Dimension Data team principal Douglas Ryder is seeking clarification from the Union Cycliste Internationale (UCI) after the announcement on Tuesday that the UCI has ended the dispute with Peter Sagan and his Bora-Hansgrohe team relating to a crash during the 2017 Tour de France.
At the time, the race jury decided that Sagan was at fault and he was ejected from the race.
Sagan and Bora-Hansgrohe subsequently decided to contest the decision in the Court of Arbitration for Sport (CAS). The hearing at CAS was due on Tuesday, but instead both the UCI and Bora-Hansgrohe settled out of court, saying that "the crash was an unfortunate and unintentional race incident".
However, according to Ryder, Cavendish's team was not involved in making this decision and had no input in the final outcome.
“As riders and teams, we want all parties to work together to make racing safe and enjoyable," Ryder said in a statement issued by Dimension Data on Tuesday.
"We understood this dispute was over the process that prevented Bora-Hansgrohe from stating their case to the race jury.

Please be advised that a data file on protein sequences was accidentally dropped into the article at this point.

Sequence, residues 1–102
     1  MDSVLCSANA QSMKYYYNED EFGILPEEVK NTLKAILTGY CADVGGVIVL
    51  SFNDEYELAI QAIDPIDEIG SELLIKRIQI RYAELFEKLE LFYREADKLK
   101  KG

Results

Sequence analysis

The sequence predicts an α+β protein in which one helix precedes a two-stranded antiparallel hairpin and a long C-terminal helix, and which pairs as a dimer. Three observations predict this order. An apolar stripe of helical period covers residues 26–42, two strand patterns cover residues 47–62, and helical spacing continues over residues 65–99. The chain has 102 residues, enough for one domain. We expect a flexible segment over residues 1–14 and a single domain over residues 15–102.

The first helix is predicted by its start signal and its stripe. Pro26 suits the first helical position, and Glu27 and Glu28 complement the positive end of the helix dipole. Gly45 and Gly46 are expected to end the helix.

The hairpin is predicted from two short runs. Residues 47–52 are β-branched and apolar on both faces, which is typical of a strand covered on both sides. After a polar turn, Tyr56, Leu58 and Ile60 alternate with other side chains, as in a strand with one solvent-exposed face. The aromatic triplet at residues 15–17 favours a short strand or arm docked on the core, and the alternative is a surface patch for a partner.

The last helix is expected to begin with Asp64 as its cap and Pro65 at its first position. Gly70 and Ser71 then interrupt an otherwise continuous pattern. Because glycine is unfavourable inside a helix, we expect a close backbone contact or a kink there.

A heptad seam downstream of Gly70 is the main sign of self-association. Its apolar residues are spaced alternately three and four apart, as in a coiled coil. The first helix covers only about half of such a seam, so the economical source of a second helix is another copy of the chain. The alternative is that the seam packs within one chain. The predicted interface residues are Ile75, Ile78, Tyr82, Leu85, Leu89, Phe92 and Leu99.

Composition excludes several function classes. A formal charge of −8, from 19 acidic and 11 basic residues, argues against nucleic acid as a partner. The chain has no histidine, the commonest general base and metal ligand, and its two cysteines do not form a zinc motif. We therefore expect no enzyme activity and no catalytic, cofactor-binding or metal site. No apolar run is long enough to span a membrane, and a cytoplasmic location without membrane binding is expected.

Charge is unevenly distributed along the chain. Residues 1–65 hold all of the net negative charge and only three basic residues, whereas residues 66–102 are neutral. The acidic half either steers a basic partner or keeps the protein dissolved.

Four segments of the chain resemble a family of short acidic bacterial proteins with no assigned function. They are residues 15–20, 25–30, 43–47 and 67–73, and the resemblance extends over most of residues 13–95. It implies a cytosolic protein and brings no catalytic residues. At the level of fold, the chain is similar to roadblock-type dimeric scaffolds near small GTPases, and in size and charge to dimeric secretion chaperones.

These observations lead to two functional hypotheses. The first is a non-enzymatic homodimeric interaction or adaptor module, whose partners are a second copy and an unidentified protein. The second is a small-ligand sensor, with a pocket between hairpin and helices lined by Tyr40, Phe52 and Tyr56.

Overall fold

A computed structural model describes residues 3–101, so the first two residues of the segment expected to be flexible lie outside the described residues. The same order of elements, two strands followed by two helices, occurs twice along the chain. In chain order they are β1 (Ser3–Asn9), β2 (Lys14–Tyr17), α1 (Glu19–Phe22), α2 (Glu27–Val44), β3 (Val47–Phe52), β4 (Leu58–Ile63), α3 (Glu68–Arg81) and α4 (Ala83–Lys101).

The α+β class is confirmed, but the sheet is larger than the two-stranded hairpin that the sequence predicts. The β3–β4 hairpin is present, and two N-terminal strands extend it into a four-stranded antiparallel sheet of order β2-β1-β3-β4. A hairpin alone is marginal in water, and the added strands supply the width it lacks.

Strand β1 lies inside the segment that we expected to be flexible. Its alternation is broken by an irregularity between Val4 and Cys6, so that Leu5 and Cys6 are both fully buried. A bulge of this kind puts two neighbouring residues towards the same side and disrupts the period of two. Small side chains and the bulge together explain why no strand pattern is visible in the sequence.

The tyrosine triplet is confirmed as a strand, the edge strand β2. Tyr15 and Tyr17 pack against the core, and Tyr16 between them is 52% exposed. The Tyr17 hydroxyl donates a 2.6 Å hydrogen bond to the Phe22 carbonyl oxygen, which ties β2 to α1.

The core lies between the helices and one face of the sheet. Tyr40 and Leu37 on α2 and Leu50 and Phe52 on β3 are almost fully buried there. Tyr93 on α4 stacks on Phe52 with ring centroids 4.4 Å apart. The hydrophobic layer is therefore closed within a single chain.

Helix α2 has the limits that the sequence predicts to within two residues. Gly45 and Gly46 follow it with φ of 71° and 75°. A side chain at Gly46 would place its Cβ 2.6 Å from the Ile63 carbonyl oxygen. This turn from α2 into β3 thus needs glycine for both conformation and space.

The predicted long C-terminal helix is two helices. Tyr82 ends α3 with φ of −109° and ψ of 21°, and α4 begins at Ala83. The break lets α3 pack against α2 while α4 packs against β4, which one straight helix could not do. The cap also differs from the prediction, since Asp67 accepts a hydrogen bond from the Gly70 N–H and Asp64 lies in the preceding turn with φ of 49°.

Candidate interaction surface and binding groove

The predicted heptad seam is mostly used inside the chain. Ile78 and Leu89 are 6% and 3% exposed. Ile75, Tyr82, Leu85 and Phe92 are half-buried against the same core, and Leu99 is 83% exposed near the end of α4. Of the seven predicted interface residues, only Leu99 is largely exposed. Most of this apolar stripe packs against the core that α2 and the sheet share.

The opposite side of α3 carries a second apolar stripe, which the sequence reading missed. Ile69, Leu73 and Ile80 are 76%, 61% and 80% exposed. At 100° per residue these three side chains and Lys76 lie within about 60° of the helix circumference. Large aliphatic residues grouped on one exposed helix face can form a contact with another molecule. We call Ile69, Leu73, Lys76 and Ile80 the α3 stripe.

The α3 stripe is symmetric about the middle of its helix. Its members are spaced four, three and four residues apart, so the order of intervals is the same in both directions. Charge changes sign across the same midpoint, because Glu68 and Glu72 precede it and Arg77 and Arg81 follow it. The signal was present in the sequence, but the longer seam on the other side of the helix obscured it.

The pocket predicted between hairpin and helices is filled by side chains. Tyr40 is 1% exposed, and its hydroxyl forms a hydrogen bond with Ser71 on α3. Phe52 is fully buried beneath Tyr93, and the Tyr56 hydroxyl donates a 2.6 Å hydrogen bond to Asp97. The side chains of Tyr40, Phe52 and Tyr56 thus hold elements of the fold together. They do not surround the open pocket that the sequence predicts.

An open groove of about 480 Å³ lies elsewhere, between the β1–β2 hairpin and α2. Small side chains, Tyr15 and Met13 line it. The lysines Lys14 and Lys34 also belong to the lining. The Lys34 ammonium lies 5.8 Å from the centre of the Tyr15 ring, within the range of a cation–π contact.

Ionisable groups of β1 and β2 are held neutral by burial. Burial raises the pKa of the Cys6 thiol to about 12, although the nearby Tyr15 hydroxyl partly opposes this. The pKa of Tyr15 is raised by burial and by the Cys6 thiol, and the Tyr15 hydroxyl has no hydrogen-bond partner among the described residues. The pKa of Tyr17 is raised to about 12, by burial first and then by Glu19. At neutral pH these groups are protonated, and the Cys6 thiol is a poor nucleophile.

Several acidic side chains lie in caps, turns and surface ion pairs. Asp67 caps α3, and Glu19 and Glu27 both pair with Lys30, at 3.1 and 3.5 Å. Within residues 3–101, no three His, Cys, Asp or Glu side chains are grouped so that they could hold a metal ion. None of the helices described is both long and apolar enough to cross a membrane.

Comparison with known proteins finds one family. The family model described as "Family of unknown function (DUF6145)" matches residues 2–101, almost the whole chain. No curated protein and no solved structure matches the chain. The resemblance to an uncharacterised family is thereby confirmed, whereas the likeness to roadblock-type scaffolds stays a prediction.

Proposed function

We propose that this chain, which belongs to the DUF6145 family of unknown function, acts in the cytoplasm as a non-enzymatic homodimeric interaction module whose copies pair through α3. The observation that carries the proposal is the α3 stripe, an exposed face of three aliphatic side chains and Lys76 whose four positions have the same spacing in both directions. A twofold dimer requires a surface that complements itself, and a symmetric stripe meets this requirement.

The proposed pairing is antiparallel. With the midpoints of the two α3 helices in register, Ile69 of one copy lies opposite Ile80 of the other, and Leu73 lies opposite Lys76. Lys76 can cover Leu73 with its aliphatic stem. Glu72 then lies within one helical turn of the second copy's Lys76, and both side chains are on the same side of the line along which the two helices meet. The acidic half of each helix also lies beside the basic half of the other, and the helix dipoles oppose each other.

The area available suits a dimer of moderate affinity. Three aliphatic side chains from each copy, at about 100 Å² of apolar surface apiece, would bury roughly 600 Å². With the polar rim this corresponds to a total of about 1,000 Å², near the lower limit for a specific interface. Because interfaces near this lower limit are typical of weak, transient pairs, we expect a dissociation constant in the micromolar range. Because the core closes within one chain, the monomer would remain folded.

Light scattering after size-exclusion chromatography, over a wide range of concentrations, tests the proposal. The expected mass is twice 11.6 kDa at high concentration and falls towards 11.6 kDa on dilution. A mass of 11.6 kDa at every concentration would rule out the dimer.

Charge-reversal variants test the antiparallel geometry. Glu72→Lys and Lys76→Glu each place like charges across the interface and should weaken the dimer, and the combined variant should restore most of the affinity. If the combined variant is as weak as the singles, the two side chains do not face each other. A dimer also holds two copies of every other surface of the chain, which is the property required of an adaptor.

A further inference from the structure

"However, following today’s announcement it seems the investigation also included reviewing the actual race incident. Given that we are the team with the rider who ultimately suffered the most as a result of this incident, we were surprised to not be included to offer our insights to the investigation."
Watch: Tour de France stage four highlights
Cavendish fractured his shoulder blade as a result of the incident. This not only meant that he was forced to abandon the Tour – his main target of the year – but it also set back the rest of his season.
"Team Dimension Data would like to once again state that Mark Cavendish played no part in the cause of the season-ending crash," the South African squad said in their statement.
Bora-Hansgrohe team manager Ralph Denk has also said that Sagan had done nothing undue to cause the crash.
“It has always been our goal to make clear that Peter had not caused Mark Cavendish’s fall," said Denk. "This was Peter’s position from day one."
The UCI has said that it will now employ special commissaires to review video footage to assist in resolving issues during races.
UCI president David Lappartient said: "These proceedings have shown how important and arduous the work of the UCI Commissaires is. As of next season the UCI intends to engage a ‘Support Commissaire’ to assist the Commissaires Panel with special video expertise on the main events of the UCI WorldTour."
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